Bloom, P. (November/December 2008). ""Boys" to men: Civilian Conservation Corps, hard corps work forged lives and parks." Outdoor Indiana Magazine. Wells Library, ET2--Indiana Collection. HC 107 .I6O9.

Couch, P. E. (1944). Educational emphasis in civilian conservation camps of the seventh corps area. Bloomington:Indiana University.

Brown mss Papers 1933-1955. Lilly Library, Indiana University, Bloomington.

Maher, N. M. (2008). Nature's new deal : the Civilian Conservation Corps and the roots of the American environmental movement. Oxford; New York: Oxford University Press. Business/SPEA Information Commons (B-BUSSPEA) S930 .M155 2008

Salmond, J. A. (1967). The Civilian Conservation Corps, 1933-1942; a New Deal case study. Durham, N.C.:Duke University Press. Wells Library SD143 .S17

Quigley, B. (2005). African Americans and the Civilian Conservation Corps. Traces of Indiana & Midwestern History.17(1):44-47

Map of Indiana showing state forests and game pres[erves] in charge of or having C.C.C. camps under the direction of the Division of forestry. (1939). Indiana Division of Forestry. Indianapolis: Wm. B. Burford pts. co.

Wenzl, A. K. (2003). The implementation and impact of the National Park Service's design guidelines on Civilian Conservation Corp [i.e. Corps] stonework in Indiana's state parks. Thesis/dissertation. Not owned at IU.

Find others by using IUCAT or IU WorldCat, using the subject: Civilian Conservation Corps (U.S.)--History.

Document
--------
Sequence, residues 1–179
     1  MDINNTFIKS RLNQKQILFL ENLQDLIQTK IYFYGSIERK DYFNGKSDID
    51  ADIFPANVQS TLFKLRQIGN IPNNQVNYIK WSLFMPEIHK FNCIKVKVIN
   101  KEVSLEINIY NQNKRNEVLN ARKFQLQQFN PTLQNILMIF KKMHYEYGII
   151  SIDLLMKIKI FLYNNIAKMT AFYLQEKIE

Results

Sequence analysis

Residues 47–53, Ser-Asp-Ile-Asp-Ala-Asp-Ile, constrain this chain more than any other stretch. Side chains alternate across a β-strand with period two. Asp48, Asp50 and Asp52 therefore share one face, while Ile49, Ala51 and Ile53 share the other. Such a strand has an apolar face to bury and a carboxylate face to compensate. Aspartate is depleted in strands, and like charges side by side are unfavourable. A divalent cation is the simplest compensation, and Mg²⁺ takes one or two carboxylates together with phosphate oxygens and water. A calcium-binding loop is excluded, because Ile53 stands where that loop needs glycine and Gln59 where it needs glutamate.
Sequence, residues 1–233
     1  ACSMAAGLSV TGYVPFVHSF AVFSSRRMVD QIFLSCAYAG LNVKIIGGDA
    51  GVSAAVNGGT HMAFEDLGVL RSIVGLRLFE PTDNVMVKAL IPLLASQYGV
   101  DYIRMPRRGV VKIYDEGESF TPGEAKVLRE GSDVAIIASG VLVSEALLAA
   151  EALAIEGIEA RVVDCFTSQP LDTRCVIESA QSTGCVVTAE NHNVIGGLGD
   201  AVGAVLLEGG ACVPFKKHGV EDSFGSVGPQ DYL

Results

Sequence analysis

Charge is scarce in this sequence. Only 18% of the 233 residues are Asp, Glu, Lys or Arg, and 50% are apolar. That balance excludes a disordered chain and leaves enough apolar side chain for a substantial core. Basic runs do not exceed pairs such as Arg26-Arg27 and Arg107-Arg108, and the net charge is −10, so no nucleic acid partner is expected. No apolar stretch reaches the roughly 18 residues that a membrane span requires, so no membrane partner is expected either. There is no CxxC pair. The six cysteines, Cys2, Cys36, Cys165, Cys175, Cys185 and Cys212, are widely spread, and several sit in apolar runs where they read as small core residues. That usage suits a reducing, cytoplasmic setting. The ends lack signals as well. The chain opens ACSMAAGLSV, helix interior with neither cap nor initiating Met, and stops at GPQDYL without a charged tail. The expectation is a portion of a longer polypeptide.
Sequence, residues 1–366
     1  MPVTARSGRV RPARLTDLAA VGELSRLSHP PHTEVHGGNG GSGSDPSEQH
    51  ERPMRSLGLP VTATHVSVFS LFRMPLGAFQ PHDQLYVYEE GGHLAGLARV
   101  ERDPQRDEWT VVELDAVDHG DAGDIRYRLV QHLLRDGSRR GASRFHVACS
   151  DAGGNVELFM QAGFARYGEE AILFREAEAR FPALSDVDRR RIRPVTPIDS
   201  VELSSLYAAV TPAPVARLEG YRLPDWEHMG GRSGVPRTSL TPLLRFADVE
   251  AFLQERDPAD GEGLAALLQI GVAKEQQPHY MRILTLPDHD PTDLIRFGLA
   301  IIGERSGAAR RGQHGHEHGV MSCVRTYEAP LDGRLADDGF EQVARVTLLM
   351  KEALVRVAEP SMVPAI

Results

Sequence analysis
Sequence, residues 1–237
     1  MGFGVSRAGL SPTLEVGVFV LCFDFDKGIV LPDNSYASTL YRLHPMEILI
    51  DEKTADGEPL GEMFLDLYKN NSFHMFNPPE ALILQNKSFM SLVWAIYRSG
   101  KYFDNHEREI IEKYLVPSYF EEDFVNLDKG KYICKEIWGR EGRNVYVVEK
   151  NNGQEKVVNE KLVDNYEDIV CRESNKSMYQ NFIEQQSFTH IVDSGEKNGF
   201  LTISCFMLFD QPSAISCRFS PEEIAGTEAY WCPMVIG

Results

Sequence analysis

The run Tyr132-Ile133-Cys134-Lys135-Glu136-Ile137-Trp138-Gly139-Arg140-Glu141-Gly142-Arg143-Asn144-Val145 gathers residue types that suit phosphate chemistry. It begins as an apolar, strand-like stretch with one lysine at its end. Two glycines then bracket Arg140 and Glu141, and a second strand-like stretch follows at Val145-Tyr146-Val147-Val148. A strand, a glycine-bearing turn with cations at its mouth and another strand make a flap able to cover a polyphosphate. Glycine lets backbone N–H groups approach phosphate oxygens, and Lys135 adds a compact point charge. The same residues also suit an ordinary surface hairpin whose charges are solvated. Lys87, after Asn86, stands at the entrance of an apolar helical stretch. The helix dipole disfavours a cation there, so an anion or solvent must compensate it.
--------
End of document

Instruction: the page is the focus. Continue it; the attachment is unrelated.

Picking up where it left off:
Articles indexes are found in America: History and Life: http://www.libraries.iub.edu/scripts/countResources.php?resourceId=14

Online Resources

"Spirit of CCC". The original was a 4x6 foot oil painting, created by Harry Rossoll in 1938. Harry Rossoll later became well known as one of the artists of Smoky Bear.

Indiana Historical Society has several CCC collections:

The Indiana State Park System owes much of its history to the CCC:

"Indiana State Parks traces its history back to 1916. Colonel Richard Lieber, an Indianapolis businessman and German immigrant, recommended that a state park system be created as part of Indiana's celebration of its centennial. Lieber became a national leader in the state parks movement and assisted other states in forming their own systems as well. He became the first Director of the Indiana Department of Conservation, serving for more than a decade."

"One of the very special things about our state park system and its rich history lies in the work of the Civilian Conservation Corps (CCC). Many of the roads, shelters, restrooms, gatehouses, and bridges etc. still in use today were built by these young men during the Great Depression. We still marvel at the craftsmanship, the simple, rustic design and the way these facilities have remained to set the tone for all that has followed."


U.S. Department of Agriculture Natural Resources Conservation Service

Includes links to interactive databases of CCC members, links to a number of projects state by state and to the map below:
Map of CCC Projects

"The New Deal" in Indiana

Non-Authoriative websites: